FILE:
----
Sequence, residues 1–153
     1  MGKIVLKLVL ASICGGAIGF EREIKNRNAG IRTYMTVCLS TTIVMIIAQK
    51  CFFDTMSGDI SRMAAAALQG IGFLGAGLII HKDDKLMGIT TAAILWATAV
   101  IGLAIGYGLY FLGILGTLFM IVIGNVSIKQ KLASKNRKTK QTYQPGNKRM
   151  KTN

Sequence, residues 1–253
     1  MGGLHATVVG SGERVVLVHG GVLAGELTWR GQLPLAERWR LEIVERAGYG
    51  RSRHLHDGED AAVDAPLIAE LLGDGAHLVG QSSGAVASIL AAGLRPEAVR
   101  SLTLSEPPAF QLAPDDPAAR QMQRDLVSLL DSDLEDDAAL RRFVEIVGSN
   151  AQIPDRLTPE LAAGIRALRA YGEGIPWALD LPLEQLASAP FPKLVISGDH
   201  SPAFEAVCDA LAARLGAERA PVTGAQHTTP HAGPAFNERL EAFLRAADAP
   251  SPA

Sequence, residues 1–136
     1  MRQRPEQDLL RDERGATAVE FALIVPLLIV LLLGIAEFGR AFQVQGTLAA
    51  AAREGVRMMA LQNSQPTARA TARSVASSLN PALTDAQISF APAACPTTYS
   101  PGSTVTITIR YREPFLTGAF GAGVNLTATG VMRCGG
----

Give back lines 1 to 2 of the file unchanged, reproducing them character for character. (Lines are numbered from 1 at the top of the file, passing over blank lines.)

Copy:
Sequence, residues 1–153
     1  MGKIVLKLVL ASICGGAIGF EREIKNRNAG IRTYMTVCLS TTIVMIIAQK